When we are using and abusing drugs and other substances, on average, we hurt 21 other people. Are you hurting others again? Are you mindful when you hurt someone else? Are you making amends?

 Area 2: Honesty

Are you being completely honest with God, yourself and others?

Have you failed to tell the full truth recently?

Is there someone you need to be honest with?

Do you have secrets?

 Area 3: Delusions & Denial

Are you beginning to negotiate with yourself in order to do things you haven’t been doing or know you shouldn’t?

Are you criticizing others?

Are you thinking poorly about others? Being judgmental?

 Area 4: Letting up on Daily Disciplines

Are you justifying missing meetings, daily readings, church or family events?

Are you procrastinating on step work or calling your sponsor?

Are you avoiding accountability?

If the addict in your life could nod “Yes” more often than “No,” then watch out: they’re in the Kenny Loggins Danger Zone.

That doesn’t mean it’s the end of the world and the definitive close to your loved one’s sobriety, but they definitely need to check their program, check their behavior, and talk to someone who cares about them (you, perhaps!). We are all just two choices away from relapsing, but staying true to ourselves and honest with others keeps us in where we need to be.

In the end, relapse is not some huge choice we make to drink, drug, or watch porn. It’s the hundred small daily choices to do the wrong things over a period time, which leads to that one huge choice. But the great news is that relapse can be avoided the same way that sobriety can be found: by making the daily choice to do the next right thing in every situation.

For more on relapse and how to read the signs, pick up my new book: Finding Hope.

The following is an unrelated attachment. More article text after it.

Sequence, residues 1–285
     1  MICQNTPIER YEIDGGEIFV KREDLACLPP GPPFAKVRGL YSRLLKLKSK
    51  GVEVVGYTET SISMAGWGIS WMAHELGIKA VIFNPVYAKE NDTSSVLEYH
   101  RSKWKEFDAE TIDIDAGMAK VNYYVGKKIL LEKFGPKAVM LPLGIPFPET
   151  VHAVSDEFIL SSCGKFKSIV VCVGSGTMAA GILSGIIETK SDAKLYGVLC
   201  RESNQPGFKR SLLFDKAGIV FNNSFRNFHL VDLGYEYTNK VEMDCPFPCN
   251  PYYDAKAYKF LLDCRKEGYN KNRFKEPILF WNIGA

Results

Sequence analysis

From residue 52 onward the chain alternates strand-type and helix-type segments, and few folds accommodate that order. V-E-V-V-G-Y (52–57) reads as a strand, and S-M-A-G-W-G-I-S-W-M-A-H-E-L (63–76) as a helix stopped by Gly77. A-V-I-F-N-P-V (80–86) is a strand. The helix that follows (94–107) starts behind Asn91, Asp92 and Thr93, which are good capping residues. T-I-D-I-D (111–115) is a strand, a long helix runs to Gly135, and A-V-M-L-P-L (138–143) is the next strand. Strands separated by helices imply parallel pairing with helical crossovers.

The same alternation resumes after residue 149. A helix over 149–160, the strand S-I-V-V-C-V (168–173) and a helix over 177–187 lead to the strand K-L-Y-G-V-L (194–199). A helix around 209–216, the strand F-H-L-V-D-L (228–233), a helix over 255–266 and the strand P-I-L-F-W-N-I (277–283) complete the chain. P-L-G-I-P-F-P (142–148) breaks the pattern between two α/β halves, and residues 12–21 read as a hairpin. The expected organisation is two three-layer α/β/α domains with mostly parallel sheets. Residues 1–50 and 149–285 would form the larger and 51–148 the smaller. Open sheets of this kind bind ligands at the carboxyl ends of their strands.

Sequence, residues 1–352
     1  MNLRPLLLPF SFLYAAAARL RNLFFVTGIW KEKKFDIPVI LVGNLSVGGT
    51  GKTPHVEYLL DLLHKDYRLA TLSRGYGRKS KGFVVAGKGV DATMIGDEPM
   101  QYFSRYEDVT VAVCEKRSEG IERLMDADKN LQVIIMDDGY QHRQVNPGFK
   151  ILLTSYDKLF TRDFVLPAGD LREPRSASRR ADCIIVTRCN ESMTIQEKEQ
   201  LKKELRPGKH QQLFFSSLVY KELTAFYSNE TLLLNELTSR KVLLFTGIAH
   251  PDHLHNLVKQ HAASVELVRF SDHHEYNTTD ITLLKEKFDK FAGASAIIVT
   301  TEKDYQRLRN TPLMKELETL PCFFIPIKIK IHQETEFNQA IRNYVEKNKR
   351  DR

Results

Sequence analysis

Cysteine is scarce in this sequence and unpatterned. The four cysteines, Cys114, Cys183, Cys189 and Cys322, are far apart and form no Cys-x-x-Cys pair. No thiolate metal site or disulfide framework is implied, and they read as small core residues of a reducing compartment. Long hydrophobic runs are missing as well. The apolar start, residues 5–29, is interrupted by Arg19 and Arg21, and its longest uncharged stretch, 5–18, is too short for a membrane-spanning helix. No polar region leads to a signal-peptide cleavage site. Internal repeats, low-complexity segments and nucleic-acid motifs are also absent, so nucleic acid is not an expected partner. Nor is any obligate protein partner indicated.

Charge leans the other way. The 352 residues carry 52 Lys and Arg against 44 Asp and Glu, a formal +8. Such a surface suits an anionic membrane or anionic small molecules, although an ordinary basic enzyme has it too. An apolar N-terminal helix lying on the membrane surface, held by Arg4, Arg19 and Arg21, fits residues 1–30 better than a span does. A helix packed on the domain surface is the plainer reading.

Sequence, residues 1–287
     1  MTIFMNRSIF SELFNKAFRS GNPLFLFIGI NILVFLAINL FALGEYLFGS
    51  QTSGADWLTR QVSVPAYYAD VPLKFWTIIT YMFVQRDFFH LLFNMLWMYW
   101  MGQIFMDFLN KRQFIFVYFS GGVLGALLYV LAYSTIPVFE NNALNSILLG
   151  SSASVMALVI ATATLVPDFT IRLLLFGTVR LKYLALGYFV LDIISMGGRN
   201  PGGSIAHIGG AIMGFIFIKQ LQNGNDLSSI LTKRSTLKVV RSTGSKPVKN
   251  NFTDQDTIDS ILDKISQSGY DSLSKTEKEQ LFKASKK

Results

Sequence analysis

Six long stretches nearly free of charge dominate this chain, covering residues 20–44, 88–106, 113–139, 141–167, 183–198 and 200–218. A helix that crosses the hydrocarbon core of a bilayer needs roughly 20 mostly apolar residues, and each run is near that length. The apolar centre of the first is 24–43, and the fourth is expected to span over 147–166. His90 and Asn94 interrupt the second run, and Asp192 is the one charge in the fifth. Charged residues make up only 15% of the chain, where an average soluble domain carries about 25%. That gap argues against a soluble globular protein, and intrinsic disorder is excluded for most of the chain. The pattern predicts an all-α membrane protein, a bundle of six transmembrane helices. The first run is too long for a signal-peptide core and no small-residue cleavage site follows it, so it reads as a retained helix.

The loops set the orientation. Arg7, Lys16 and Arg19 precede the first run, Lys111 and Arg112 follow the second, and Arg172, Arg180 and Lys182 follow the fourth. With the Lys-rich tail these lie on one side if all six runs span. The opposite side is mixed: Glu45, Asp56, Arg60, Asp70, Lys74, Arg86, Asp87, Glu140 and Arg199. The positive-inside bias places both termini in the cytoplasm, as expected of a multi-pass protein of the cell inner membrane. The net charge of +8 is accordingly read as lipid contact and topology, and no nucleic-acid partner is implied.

Parents, It’s Not Your Fault

Let’s take a moment to take a moment to talk about a famous scene in the film Good Will Hunting (no, not the one where Matt Damon slaps the phone number on the window of the bar and asks, “How you like them apples?”). It’s a scene that takes place toward the end of the film (spoiler alert), after the troubled genius character of Will (played by Matt Damon) has spent a good bulk of the film’s runtime reluctantly submitting to therapy sessions with Sean (played by Robin Williams, who won an Academy Award for his performance in the role).

Throughout the film, Will resents the time he has to spend with Sean, but as is the way in these types of stories, eventually the two form a sort of bond and each of them begins to see a breakthrough in their own stories.

The scene in question contains a riveting revelation: both Will and Sean were victims of child abuse. As the emotions pass over Will’s eyes, Sean looks deeply into him and tells him, “It’s not your fault.”

And then he says it again. “It’s not your fault.”

And again. “It’s not your fault.”

Over and over and over, Sean tells Will the truth. Hammering it home through sheer repetition, each utterance another blow against Will’s defenses and the self-defeating lies he’s been telling himself.

Eventually, Sean has said it enough that Will begins to believe it, and he’s left an honest, vulnerable man, aching tears billowing up and temporarily alleviating the pain he’s kept down for so many years.

“It’s not your fault” is a mind-blowingly liberating sentence, but it can be so incredibly hard to believe.